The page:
Fortunately it worked – the rhino grunted his way around us, then ambled on.
Quiet moments and sundowners
Not all our game drives were so adrenalin-fueled. Once we just sat quietly gazing at a grazing herd of Cape buffalo.
Another time, we leisurely observed a leopard drag an impala carcass higher up a tree, while her cub slept on a branch, feet dangling.
And we always stopped for sundowners on afternoon drives.
Whoever invented this safari sunset ritual was a genius.
Our guide and tracker would whip out limes, liquor and ice cubes from a cooler, plus traditional South African snacks like biltong (spiced dried meat). We’d drink gin-and-tonics while stretching our legs atop a knoll, watch the sky turn pink then inky violet – and wonder how the next day could possibly be any better.
Spotting lions on night game drives
There was also an hour of night driving on the return to the lodge. Everything felt different in the dark, as the bush seemed to close in on the vehicle.
The tracker would shine a bright spotlight back and forth, looking for the reflecting eyes of smaller nocturnal critters, like cat-like civets and fierce honey badgers. We saw lions on safari again too (lions usually hunt at night).
Luxury safari lodges
Back at camp, warm vanilla-scented facecloths and a glass of creamy Amarula eased the transition from wilderness to civilization. Our safari lodges (Simbambili and Thornybush Game Lodge) had electricity, air-conditioning and even in-room phones and free WiFi.
But as they were unfenced and animals wandered about, we had to be escorted to dinner from our bungalow or room. And a guide had a rifle handy when we dined in the bush or outdoor boma (gathering place).
In the boma, warmed by a blazing fire, we tasted African specialties like barbecued impala and pap (a cornmeal staple flavored with fresh tomato sauce).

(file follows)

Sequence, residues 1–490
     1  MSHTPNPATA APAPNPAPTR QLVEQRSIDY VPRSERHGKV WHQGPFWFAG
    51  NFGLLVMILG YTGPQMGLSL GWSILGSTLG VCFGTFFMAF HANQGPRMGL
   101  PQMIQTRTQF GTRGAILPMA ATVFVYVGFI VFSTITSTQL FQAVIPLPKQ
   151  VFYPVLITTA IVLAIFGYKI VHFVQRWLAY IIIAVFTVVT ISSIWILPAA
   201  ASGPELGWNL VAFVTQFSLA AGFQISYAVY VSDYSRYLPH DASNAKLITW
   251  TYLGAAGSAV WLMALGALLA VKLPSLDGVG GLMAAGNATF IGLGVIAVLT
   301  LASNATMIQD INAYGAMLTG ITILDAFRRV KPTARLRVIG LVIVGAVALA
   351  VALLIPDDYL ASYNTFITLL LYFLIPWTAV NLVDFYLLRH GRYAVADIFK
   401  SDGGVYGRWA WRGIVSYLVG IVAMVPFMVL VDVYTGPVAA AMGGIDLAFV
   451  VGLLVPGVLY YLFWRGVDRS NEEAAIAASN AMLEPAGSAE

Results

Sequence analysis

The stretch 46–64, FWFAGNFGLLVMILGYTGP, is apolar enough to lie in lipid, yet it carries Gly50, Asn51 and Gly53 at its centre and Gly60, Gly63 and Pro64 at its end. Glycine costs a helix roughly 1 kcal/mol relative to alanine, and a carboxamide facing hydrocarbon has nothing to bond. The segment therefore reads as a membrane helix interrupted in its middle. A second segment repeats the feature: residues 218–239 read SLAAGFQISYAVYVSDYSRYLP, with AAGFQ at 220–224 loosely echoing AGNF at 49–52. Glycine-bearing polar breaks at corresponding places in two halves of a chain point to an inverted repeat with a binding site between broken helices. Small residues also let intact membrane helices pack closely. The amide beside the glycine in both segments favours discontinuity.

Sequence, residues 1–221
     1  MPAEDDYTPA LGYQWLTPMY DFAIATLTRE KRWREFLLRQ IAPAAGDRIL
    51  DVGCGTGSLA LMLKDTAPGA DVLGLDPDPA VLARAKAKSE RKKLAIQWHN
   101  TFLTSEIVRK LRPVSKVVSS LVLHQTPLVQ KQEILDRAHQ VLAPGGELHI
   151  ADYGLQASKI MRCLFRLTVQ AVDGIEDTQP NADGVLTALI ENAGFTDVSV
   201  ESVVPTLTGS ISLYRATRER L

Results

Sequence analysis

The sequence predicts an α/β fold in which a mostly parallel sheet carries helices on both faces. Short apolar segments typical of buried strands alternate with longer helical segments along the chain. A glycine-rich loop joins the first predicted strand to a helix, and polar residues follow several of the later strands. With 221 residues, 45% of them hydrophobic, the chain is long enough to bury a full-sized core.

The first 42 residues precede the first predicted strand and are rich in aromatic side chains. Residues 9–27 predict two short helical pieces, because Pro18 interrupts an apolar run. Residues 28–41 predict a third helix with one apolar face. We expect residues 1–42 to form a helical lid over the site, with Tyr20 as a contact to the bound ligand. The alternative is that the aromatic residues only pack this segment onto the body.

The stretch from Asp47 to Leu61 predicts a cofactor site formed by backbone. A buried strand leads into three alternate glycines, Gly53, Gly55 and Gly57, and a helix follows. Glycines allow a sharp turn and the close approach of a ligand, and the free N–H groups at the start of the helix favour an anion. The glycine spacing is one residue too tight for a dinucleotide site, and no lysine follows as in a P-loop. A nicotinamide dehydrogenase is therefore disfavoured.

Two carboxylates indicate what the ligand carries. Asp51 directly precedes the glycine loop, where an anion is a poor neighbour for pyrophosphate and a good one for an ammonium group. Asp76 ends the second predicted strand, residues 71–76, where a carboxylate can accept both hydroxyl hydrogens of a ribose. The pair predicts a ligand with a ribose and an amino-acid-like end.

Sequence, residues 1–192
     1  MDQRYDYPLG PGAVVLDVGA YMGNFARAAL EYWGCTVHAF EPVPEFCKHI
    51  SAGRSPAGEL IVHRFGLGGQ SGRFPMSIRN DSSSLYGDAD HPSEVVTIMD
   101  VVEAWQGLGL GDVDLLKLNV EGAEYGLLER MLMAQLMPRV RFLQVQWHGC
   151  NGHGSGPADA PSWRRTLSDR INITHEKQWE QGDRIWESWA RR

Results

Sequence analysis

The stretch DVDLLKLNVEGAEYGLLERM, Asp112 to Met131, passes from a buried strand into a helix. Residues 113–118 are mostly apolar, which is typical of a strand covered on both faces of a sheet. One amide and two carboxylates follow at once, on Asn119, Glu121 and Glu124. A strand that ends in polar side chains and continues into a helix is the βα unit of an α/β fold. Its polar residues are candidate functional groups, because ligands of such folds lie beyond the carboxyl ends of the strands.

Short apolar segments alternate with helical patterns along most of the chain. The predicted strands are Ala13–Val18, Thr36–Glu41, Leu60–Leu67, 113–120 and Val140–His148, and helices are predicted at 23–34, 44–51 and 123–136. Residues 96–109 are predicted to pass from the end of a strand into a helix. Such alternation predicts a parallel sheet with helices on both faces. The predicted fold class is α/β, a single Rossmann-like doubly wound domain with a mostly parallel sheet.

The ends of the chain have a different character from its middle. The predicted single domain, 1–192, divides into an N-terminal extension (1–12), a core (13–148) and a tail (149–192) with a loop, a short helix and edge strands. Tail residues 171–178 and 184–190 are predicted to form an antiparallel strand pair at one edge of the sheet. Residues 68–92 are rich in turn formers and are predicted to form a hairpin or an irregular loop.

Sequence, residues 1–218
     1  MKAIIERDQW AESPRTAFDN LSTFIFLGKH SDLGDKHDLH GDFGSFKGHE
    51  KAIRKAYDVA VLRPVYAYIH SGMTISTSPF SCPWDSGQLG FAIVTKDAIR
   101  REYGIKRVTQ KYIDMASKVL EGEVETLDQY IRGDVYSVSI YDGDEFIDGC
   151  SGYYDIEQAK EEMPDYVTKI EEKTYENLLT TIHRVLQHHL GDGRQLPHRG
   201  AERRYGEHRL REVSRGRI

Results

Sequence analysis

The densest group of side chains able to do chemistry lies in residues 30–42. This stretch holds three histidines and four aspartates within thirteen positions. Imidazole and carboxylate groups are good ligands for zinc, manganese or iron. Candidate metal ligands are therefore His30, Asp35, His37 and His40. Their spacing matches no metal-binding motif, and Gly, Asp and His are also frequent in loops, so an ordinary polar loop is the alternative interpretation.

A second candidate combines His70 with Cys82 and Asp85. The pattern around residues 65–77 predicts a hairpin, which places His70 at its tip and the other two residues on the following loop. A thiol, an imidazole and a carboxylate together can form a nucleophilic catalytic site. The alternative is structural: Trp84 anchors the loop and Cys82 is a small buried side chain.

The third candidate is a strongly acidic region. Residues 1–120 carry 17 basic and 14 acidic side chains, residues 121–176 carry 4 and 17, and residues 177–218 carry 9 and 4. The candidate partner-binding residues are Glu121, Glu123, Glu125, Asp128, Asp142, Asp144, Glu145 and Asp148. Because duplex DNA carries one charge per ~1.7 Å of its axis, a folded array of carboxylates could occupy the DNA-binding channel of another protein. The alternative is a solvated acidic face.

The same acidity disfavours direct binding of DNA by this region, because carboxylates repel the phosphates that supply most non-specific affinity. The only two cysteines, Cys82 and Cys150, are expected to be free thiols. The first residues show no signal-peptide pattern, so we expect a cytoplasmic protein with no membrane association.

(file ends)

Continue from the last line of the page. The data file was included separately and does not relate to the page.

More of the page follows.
Our safari quickly took on its own rhythm. Game drive, breakfast, bush walk (with an armed ranger-guide) to learn about animal tracks and towering termite mounds, lunch, siesta, sometimes afternoon tea, game drive, dinner.
And at night, deep in the wild, we’d occasionally fall asleep to the heart-thumping roars of nearby lions.
How to see lions on safari
- We flew from North America direct to Johannesburg on South African Airways – see our review of SAA in our post SAA: Direct flights get you to the lions’ dens.
- For safety reasons, you should pre-book airport-hotel transfers in Johannesburg with a reputable local company like JMT Tours.
- Flying time from Johannesburg to Hoedspruit airstrip (for both Thornybush and Sabi Sand game reserves) is about 60 minutes.
- Anti-malarial tablets should be taken (as Sabi Sand is in a malarial area).
Our magazine article on spotting lions on safari
This story was first published in print in Cruise & Travel Lifestyles magazine (Fall 2013/Winter 2014 issue) as “Wonder Where the Lions Are” (PDF). And many, many thanks to our safari guide Pierre Mouton for allowing us to share his fabulous wildlife photos here.
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We’re Janice and George Mucalov, professional award-winning travel writers, sharing tales of luxury travel with a twist of adventure.